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Help Canadians breathe more easily

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The air we breathe is an important factor in our quality of life, and Canadians rank air pollution issues among their main environmental concerns. Although we enjoy good air quality when compared to many other countries, evidence gathered over the last 10 years has increased concerns about the health effects of air pollutants.

Outdoor air contaminants come from both natural and human pollution sources. Nevertheless, air pollution is primarily associated with everyday human activities that include industrial processes and residential activities.

As individuals, we both directly and indirectly use energy, which has the by-product of creating significant air pollution. For instance, residential wood heating is the greatest single source of particulate matter in Canada, and pollutants from thousands of vehicles on the road are responsible for air concerns such as smog.

Although some hazardous contaminants in the air, such as lead, have declined in recent years, others remain and continue to become more problematic. The most commonly measured outdoor air pollutants in Canada include ground-level ozone, particulate matter, carbon monoxide, sulphur dioxide and nitrogen oxides. These substances are the principal ingredients or precursors of smog, and some also contribute to acid rain.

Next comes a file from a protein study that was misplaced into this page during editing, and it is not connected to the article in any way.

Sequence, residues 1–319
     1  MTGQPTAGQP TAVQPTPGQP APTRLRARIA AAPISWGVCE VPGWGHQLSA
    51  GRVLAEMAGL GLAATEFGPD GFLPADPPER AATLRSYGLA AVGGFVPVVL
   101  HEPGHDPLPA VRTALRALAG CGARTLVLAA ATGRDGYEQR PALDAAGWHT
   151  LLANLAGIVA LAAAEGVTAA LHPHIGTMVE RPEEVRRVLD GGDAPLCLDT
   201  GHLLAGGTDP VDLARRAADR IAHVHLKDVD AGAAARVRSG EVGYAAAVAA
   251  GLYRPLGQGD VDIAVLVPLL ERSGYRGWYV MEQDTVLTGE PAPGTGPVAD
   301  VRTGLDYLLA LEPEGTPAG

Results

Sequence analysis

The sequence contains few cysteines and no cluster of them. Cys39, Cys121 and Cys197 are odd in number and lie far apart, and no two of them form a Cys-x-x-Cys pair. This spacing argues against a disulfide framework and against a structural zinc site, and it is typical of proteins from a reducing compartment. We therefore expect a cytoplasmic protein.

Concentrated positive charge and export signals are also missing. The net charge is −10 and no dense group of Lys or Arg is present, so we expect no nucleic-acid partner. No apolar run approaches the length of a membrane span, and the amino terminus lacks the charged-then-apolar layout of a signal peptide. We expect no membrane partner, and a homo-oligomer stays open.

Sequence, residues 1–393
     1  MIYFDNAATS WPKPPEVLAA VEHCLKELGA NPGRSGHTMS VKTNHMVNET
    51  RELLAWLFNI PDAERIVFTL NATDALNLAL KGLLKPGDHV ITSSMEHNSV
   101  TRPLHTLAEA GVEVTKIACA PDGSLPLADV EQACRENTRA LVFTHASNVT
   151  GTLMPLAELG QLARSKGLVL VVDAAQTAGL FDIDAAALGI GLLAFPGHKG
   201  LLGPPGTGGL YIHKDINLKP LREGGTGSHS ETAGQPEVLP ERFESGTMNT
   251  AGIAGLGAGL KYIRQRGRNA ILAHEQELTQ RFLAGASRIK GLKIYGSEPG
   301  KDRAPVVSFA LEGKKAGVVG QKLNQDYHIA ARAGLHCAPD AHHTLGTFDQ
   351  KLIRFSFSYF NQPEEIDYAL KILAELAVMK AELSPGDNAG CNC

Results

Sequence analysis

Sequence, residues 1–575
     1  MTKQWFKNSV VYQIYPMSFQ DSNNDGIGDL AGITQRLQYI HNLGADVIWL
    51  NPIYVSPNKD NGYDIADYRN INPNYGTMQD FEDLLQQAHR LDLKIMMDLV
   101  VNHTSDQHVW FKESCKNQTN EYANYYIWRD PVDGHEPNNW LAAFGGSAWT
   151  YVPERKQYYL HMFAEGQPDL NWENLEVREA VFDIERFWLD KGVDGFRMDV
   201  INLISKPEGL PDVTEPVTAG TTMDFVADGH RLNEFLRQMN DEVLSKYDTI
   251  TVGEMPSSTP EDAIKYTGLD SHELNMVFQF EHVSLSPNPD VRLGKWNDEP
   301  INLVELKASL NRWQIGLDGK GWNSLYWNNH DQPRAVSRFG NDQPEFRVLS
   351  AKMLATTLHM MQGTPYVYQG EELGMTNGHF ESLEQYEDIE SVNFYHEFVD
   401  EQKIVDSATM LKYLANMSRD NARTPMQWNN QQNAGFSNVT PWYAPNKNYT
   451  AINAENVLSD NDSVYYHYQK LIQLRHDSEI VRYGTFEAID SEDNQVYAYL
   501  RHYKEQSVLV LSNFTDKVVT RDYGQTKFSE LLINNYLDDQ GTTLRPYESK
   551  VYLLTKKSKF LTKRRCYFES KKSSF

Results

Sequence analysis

How does air quality affect me?

The human health issues related to poor air quality are far reaching, but principally affect the body's respiratory and cardiovascular systems. Individual reactions to air pollutants depend on the type of pollutant a person is exposed to, the degree of exposure, the individual's health status and genetics.

The health effects caused by air pollutants include difficulty breathing, wheezing, coughing and aggravation of existing respiratory and cardiac conditions. These effects can result in increased medication use, increased doctor or emergency room visits, more hospital admissions and even premature death. In analyzing air pollution and mortality data from eight Canadian cities, Health Canada estimates 5,900 deaths per year in those cities can be attributed to air pollution.

How does air quality affect the environment?

A wide variety of air pollutants and air issues affect Canada’s ecosystems: the quality of the soil and water are significantly affected by acid rain and its contributing pollutants; the health of wildlife is compromised by pollutants such as mercury that affect habitat and food quality; and vegetation health and productivity are harmed by a variety of pollutants, including ground-level ozone. Damage from air pollution is not always localized; the long range transport of pollutants can mean that soil, water, plants and animals can be affected by far away sources of pollutants.

How can I make a difference?

Conserving energy and making better consumer decisions can reduce the amount of emissions that you and your family emit at home, on the road, at work and at play.

There are many easy-to-do tips to help you take action against air pollution. Take advantage of the participation initiatives and resources that exist to help you reduce your emissions and energy use and save money at the same time, including:

You can also help by donating your time or resources to help a non-governmental clean air group, such as:

This article is based on material from Environment Canada's website:

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